“They are mine.”
“Forgive me, sir. I assumed you were the coachman.”
“Ah, well. You see…”
The innkeeper was no longer listening. He was giving instructions to his servants, one of whom turned to Billy and said, “When you are ready, sir, I will show you to your room.”
“I’ll come now.”
As soon as he entered the room, he realised there was a mistake. Arabella was already there and Sian was attending to her hair, into which her eyebrows almost vanished as she saw Billy.
When he explained how he came to be there, she laughed. “I expect the innkeeper assumed you were my husband if you owned the horses pulling our coach.”
“Well, I’ll be going. I’d best sleep in the coach with Michael.”
“Hmm. Perhaps not. It’s very rowdy in here. I’m feeling nervous. Some drunken fools tried to enter this room not long ago. I’d feel safer with you here.”
Billy thought many women would have felt unsafe sharing a room with him, although not all wanted to be safe in such circumstances. He resolved to behave, as she indicated a chaise longue and a pile of spare blankets. However, when he lay down, many parts of him protruded and Arabella said, “That won’t do. We’d better change places. Sian will fit better there. I can have the cot in the adjoining servant’s room.” Billy agreed but felt awkward. However, he accepted the offer. As he lay down, he struggled to forget how near he was to two particularly attractive women.
Unknown to Billy, Arabella was likewise fighting her feelings. Her lover, Major-General Sir William Jones, had been dead but a few months. There were many things she missed. Having a strong man in her bed was one.
Billy was almost asleep, when the bedclothes moved to admit a blast of cold air. They also admitted Sian. He was too drowsy to think what to say or do before she took the initiative.
“Do you remember me, Billy Rhys? I remember you. I was a maid at The Mermaid in Cardiff, before I went to London. It was your sister, Bethan, who told me to go to Lady Arabella. Like I said, I was a maid, not a whore. But a lot of men didn’t think there was a difference. You did. You were one who treated me well. Like your pal, John Aris. Some said you two were a couple of highwaymen. I don’t care. You were more like gentlemen than most of those who said they were gentlemen.”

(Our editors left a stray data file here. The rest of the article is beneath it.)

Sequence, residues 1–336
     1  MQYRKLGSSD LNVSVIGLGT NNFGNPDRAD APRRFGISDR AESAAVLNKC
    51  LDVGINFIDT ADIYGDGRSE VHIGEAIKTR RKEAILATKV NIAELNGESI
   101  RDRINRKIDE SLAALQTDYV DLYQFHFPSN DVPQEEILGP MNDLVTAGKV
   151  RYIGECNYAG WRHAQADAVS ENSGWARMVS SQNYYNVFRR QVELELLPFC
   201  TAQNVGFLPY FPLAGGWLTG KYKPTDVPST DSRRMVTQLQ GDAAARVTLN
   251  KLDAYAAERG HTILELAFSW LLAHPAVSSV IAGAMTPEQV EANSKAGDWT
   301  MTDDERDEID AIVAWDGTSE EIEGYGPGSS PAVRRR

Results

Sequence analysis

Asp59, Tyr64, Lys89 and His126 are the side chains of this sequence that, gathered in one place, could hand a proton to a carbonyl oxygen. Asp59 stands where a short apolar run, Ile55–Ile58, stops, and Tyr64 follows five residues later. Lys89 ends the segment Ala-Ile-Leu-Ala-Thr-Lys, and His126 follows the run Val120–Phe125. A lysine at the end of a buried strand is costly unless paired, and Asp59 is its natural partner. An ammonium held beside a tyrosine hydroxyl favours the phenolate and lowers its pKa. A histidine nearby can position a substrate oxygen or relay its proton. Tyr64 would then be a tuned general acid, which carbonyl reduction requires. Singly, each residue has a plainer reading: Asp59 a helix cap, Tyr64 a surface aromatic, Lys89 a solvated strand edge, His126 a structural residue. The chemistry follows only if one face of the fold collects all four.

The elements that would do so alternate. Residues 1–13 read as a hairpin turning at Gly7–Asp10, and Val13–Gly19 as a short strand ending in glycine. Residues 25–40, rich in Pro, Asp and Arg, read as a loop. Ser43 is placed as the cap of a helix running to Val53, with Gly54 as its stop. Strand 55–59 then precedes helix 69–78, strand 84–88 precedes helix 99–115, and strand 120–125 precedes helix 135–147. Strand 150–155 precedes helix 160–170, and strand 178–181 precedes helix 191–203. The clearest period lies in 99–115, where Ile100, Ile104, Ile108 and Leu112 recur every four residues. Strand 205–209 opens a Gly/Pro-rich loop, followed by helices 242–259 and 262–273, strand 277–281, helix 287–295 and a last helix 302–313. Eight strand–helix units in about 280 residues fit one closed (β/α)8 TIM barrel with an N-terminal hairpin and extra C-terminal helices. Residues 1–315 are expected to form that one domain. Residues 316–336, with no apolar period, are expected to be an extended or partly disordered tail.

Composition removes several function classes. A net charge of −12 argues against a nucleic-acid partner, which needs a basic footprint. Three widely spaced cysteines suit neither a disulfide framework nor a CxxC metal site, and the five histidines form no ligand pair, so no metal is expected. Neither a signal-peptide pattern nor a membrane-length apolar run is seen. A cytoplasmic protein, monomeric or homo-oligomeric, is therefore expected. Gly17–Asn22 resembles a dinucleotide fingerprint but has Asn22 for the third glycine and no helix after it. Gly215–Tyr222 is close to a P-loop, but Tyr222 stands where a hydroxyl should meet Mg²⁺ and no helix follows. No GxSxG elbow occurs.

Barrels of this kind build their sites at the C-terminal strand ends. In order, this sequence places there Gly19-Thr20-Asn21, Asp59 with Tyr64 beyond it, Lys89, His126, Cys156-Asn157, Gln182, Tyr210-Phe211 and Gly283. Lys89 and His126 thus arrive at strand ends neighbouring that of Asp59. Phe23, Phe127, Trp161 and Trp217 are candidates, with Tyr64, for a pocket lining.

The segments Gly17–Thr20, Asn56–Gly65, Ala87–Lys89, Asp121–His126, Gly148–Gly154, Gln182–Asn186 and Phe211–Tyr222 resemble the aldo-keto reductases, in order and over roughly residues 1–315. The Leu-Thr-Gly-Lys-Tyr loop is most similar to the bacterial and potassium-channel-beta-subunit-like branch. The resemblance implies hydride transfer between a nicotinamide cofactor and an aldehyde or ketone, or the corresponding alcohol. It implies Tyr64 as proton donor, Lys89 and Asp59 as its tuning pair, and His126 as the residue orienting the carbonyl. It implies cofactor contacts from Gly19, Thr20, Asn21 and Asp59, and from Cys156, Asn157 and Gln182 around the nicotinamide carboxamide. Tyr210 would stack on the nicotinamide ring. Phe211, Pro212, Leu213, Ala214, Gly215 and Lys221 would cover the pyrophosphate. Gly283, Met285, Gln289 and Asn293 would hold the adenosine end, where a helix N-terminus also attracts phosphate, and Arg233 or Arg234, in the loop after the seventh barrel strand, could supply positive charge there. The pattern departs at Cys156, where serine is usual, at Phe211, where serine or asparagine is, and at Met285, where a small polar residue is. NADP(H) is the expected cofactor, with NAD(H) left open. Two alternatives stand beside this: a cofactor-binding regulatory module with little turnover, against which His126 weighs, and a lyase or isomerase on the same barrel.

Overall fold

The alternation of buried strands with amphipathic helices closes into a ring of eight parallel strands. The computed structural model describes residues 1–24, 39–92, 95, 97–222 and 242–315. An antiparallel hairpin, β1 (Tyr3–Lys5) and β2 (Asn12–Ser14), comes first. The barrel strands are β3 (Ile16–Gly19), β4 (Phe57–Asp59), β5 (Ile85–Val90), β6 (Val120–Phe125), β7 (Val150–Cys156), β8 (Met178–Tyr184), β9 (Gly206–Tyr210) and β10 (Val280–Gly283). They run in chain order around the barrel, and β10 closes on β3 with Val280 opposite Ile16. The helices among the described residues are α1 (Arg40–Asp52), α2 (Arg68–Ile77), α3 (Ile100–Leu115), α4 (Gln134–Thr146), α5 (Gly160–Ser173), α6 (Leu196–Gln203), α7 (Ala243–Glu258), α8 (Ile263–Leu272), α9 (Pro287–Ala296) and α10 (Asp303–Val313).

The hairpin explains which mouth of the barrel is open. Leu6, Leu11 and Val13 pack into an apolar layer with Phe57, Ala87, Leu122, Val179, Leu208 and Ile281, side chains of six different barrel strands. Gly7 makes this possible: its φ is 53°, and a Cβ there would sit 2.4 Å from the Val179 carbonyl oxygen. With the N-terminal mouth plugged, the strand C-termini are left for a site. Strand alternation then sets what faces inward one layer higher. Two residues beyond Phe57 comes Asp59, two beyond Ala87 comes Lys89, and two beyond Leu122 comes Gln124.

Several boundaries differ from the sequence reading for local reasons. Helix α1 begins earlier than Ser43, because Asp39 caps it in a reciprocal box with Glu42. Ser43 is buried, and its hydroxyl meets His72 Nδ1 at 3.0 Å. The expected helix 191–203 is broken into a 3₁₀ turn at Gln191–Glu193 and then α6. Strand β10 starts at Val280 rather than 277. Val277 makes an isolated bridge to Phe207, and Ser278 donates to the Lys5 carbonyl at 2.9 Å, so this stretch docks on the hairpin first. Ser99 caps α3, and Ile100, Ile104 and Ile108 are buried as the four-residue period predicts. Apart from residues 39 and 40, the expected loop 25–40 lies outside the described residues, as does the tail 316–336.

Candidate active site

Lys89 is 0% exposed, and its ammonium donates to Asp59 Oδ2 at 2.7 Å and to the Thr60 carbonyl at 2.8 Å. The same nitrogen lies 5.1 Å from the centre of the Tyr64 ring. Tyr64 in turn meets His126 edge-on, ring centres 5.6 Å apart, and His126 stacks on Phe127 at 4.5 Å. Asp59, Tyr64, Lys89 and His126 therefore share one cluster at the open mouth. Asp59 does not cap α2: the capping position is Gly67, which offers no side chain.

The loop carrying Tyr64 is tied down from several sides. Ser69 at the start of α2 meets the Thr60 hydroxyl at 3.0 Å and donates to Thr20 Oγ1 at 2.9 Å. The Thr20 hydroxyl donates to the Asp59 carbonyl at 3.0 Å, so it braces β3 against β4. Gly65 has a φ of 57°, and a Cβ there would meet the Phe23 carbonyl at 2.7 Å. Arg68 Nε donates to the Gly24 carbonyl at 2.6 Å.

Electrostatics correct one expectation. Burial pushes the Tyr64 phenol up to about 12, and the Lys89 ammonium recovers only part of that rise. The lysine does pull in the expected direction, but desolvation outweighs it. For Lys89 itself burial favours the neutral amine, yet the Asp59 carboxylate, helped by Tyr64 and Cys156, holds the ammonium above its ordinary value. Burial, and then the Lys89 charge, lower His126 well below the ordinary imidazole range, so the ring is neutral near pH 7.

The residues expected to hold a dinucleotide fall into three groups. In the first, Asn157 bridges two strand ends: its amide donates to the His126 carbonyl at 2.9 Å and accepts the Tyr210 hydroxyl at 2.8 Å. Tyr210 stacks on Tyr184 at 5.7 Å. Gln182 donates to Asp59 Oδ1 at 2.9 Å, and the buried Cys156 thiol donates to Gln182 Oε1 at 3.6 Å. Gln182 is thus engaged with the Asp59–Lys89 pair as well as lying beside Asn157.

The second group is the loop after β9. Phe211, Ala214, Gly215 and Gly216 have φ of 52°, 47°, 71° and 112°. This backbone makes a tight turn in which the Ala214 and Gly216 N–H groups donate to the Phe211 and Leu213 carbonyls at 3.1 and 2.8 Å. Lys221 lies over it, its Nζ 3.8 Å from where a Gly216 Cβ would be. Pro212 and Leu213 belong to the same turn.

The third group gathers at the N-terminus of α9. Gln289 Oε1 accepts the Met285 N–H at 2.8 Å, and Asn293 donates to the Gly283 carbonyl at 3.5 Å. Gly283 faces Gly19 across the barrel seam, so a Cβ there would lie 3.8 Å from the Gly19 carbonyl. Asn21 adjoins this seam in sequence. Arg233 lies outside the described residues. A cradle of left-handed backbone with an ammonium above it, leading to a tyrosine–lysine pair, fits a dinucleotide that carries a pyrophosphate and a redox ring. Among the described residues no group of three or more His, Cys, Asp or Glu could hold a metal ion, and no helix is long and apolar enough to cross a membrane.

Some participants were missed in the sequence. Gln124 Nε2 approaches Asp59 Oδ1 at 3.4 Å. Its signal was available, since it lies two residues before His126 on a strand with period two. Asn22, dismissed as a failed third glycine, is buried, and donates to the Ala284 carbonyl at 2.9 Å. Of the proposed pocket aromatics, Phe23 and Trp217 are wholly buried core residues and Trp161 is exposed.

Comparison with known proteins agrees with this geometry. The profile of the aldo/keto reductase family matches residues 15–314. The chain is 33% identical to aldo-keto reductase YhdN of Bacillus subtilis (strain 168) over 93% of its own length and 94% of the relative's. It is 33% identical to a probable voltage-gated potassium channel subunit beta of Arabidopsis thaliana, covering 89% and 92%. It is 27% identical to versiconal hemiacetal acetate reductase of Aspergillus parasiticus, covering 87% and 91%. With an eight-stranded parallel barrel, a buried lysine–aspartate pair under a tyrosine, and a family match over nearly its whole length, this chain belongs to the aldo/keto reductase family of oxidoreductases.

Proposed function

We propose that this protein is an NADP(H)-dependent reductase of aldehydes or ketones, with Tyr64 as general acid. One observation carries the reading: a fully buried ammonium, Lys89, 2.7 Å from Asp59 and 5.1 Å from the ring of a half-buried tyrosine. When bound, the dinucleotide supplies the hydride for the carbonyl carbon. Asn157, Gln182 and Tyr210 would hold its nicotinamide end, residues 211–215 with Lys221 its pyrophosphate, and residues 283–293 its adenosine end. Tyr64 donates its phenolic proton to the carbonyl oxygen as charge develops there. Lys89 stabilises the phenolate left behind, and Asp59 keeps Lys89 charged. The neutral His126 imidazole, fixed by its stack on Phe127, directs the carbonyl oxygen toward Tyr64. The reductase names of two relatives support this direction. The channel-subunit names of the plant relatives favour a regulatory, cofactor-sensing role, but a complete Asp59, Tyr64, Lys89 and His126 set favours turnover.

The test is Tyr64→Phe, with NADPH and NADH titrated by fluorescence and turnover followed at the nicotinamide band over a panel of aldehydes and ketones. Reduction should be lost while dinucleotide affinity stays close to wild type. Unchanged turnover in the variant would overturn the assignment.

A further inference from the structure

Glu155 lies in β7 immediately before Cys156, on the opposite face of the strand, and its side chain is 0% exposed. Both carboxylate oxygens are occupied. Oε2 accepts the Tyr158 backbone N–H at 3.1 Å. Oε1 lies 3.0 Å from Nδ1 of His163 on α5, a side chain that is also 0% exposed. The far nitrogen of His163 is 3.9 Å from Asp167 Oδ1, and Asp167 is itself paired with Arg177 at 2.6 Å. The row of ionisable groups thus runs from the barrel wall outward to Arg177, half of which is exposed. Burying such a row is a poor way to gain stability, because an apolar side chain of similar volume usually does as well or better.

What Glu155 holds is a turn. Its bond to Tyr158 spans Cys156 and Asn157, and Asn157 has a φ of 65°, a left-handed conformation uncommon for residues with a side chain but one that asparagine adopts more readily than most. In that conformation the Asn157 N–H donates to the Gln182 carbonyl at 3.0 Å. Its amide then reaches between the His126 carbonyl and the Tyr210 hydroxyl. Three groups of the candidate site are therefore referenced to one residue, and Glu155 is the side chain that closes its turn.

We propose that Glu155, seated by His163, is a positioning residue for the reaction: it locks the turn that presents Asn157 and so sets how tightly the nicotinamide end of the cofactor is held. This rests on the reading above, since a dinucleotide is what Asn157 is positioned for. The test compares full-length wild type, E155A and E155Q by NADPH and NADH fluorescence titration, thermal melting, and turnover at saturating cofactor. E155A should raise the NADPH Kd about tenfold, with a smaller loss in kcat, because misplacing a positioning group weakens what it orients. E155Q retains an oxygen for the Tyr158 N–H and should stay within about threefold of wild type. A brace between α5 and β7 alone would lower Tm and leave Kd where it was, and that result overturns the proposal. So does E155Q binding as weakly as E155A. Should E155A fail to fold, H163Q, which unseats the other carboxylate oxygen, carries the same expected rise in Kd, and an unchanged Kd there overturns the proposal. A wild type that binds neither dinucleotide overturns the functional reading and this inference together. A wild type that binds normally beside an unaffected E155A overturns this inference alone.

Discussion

As she spoke, she was pressing against Billy. He said, “Do you really want to do this? I remember Megan, who I’m about to marry, rescuing you from some man who was trying to force his way with you.”
“I know. But I’m eighteen now. I know what I want. I’d have had you before, sooner than half those men. Megan’s lucky. But she deserves some luck. I know.”
Billy said, “I’ve not been taking other women to bed since Megan and I decided to get married.” He turned his back on her.
She said, “Another one I liked was your nephew, Llewellyn. He’ll be a man soon. I wish he was here.”
“He’s only thirteen.”
“Really? He seemed older.”
“Well, he’s quite a man in a lot of ways. He can handle horses almost as well as any I know. I’ll tell him you remember him fondly.”
“Give him this from me.” She kissed Billy gently on the neck. At last he got some sleep.
The next day they made good time and were at Newport when they stopped for some lunch and to rest the horses. When they were about to resume their journey, three rough-looking fellows approached. The biggest hailed Billy, who studied him for a moment before saying, “Do I know you?”
“Arr. Well, we know you. Me and me brothers, Andrew and Paul.” He indicated his two companions as Arabella’s manservant joined them. Simon Parker continued, “We didn’t allus get on. But things might be looking up.”
Arabella and her maid got into the coach. “Come along, Michael, time to be going. Are you ready, Billy?”
Simon said, “You two best get in there too.” He motioned to the door of the coach. Billy was about to mention that his place was on the driver’s seat, when he saw one of the brothers was pointing a pistol at him and the others were holding cudgels.
Simon nodded. “Andrew ain’t as good as me with ’is fists. He’s better wi’ a gun. Get in!” As they did so, another man tied a spotted horse to the back of the coach and joined them. Arabella gasped, first at the sight of the pistol, and again at her missing coachman.
Inside the coach, Andrew became the brothers’ principal spokesman. “You led us a merry dance. We thought to join you when you didn’t ’ave a coachman nor a full team. Never thought ye’d find a knight in shining armour that quick.”
Michael said, “Yeah! I didn’t think you’d catch up before we got to Cardiff or wherever we was going.”